Lara McClintoch is an antiques dealer from Toronto, who Lyn Hamilton has made as the main character of her archaeological mystery series. The Moai Murders is the ninth tale in the series. It's the first one I've read.
The story is based on Easter Island or Rapa Nui. The author sidesteps the mystery of the Easter Island statues, but does weave the history and culture of Rapa Nui, or Easter Island, into the plot. Lara and her best friend Moira go to the island after Moira, who just won her bout with cancer, decides to go somewhere that she always wanted to go. Lara goes because Moira has asked her.
Upon arrival at their hotel, the women walk into a lobby full of Rapa Nui enthusiasts who are attending a conference. They decide to sign up for the conference to learn more about the maoi. Almost immediately, they are witnesses to the ugly rivalry between the two Rapa Nui experts.
Not one, not two, but three of the conference participants die. The local police declare the first death an accident. Lara does not agree and begins investigating. Her boyfriend is a former forensic expert, so she seeks his advice through e-mail. After the second man, who is one of the Rapa Nui experts, is found dead, the police realize that they must be more skeptical. The third participant hangs himself, but Lara is convinced his suicide is connected to the deaths of the others.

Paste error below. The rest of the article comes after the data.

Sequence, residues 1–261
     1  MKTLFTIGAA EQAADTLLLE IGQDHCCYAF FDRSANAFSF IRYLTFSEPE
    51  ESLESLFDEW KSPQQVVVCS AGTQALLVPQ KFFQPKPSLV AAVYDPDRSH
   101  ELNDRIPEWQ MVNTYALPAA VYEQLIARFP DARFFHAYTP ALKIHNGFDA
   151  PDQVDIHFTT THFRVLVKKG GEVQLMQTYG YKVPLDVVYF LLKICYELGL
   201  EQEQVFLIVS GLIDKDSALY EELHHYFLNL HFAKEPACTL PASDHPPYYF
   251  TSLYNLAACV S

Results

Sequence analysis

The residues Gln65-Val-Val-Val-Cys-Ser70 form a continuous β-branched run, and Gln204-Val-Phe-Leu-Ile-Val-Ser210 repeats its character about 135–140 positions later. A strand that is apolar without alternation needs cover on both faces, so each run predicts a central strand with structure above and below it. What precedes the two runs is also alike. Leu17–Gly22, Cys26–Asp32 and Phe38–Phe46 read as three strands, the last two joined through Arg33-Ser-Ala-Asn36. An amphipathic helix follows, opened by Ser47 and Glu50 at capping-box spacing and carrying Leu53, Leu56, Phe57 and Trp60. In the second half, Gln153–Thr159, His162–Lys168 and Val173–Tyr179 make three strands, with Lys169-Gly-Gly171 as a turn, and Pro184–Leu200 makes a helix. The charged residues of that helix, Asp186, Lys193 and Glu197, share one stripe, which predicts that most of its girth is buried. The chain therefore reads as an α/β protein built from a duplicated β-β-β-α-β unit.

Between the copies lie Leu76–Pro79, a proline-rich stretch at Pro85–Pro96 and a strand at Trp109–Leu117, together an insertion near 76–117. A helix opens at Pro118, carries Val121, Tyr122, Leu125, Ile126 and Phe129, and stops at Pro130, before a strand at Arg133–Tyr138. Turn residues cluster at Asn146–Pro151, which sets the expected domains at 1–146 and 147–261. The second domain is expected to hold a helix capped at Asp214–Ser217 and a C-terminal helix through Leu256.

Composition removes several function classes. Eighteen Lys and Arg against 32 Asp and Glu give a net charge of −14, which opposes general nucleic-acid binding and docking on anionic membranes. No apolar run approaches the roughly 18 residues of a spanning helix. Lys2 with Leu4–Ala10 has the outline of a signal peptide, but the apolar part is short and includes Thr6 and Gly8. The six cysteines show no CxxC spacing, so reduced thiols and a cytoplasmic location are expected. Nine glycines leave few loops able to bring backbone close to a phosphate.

Because the conference participants are from English-speaking countries and the police are Chilean and supposedly can't speak English, the police ask Lara to act as their translator/interpreter. In case you didn't know, Easter Island is part of Chile. People from all over the world visit Easter Island for pleasure, business, and research, so it's interesting that the Spanish-speaking police are not proficient in English.
Lara also gets drawn further into the murder investigation when the other Rapa Nui expert, who is married to a local woman, becomes the primary suspect. Lara helps him escape from the police, which then makes her an okay person among the local people. This is an important detail because later on locals will give her important clues.
Halfway through the book, I lost interest in the story. It's a well-written story. Lots of conflict, red herrings, and such. I just didn't like any of the characters. To help me along, I read the last chapter. I was surprised to learn who the murderer was. That was enough for me to go back and continue reading the story to find out why the murderer had such ill will for his victims.
Okay. That's it for the Cozy Mystery Challenge. It did the trick. I'm back to reading for fun. I've already got my next book to read.